My talented daughters:

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I love you truly, my sweet daughters, and I will forever be your number one fan!  I will scream until my voice is gone at one of your pep rallies (when you are the high school varsity cheerleading captain), or stomp my feet excitedly in the bleachers at your soccer game (you’ll be wearing a cute purple uniform with white letters bearing your name and number).  I’ll even convince your dad to walk you down the aisle (provided the groom is a young man that WE approve of).  I will support you in whatever career you choose for yourself (provided that you are 18 or older and no longer living under my roof).  I will never, however, stand for endless hours – days – waiting in line to get you registered to audition for American Idol, just so you can make a complete idiot of yourself in front of millions of viewers on national television.  I may now tell you kindly that you are talented, even entertaining when you sing, but as you get older, those compliments will be few and far between in regards to your singing talent.  Sure, it’s cute now, but in ten years, it may not be.  I’m just letting you know, now,  girls.  I love you too much to let you embarrass yourself and our family on a national level.

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My Fifteen Two Minutes of Fame:

We sat through not one, but TWO timeshare presentations to get ‘free’ tickets to see a variety of things in Las Vegas that would have cost us money that we brought to gamble with! We got to sit front row to see George Wallace. I was actually hoping to be picked on by the comedian, since I can give at least as good as I get. A few minutes before George was scheduled to come on, this incredible sound filled the entire theater. Everyone there stopped talking. It was such an incredible sound that even as I tried to figure out who or what was making it – I was holding my breath. Six young men of different shades stepped out onto the stage, with microphones to their mouths. One of the guys stepped forward and introduced the group as Mosaic, and explained that all the sounds (even instruments) that we were about to hear were created with individual voices. They performed covers that spanned the 60’s, 70’s, 80’s and 90’s. One of the ‘white’ guys cranked out Smokey Robinson in a way that made me glad I was already sitting down. At one point, they asked if anyone knew the ‘Name Game’ song from the 60’s. My hand shot straight up (I was born in the 70’s, but I learned it in Kindergarten! ). Did I mention that we were sitting in the front row? One of the men, Josh, saw me and grabbed my hand. As he pulled me on stage, he looked me up and down, and obviously assumed I was too young to know the song. He began to ask me, “Are you sure…?” I told him, “I KNOW IT!” Then Josh handed me the microphone and said, “You’re running the show!”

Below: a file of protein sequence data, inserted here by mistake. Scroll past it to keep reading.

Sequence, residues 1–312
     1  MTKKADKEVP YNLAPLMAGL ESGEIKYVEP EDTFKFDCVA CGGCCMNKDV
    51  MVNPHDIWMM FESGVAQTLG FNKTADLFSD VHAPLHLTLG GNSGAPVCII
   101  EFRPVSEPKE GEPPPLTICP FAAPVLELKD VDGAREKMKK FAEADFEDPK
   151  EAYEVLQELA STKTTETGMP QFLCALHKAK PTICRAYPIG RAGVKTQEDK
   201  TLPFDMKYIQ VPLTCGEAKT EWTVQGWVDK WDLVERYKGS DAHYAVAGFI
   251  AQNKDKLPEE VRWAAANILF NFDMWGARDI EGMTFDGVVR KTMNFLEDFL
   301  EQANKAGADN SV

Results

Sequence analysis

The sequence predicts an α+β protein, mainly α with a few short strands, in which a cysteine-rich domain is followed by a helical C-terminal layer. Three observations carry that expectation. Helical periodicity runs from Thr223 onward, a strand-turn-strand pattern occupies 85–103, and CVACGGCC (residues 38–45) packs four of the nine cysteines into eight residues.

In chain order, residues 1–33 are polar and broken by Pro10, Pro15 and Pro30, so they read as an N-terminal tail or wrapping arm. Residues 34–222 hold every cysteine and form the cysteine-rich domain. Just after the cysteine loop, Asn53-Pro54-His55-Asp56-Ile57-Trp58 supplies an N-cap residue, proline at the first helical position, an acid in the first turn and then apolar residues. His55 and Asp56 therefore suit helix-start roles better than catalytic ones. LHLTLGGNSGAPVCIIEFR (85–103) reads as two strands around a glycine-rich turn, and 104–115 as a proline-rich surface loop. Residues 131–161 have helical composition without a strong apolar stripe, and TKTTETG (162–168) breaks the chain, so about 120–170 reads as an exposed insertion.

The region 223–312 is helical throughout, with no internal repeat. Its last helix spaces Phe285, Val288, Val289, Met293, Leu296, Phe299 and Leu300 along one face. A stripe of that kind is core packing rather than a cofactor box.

Right on cue, I sang it loud and proud: “ERIN-ERIN-BO-BERIN-BANANA-FANNA-FO-FERIN-ME-MY-MO-MERIN….ERIN!”
The whole crowd cheered as Josh leaned over to whisper in my ear: “That was great! We’ve never had anyone get it right the first time through!” It was so much fun that I actually forgot for a moment who we were actually there to see. George Wallace didn’t even see me or my husband. He spoke to Baby Boomers most of the night. Good thing my husband and I have been raised by Baby Boomers and listened to their childhood tales of terror. Cutting your own switch… Being told that you resemble the milkman… My DH and I had a great time, and laughed along with all the other folks our parents’ age.

What will we be joking about in 30 years?

– When Beta, then VHS tapes became obsolete?
– How we watched movies at school on gigantic laser discs?
– How we actually voted George W. Bush into office?

What will you be laughing about in 30 years?